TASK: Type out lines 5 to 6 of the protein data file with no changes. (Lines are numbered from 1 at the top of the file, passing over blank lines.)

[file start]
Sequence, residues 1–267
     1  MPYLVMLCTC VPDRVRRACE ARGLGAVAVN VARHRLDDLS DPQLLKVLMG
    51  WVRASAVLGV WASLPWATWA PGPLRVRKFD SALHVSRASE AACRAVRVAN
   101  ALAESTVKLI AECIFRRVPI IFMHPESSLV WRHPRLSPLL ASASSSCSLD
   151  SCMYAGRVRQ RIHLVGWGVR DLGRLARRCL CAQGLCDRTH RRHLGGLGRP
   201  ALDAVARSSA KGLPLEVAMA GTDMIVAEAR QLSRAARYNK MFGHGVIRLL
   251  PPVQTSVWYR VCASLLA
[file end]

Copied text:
   151  SCMYAGRVRQ RIHLVGWGVR DLGRLARRCL CAQGLCDRTH RRHLGGLGRP
   201  ALDAVARSSA KGLPLEVAMA GTDMIVAEAR QLSRAARYNK MFGHGVIRLL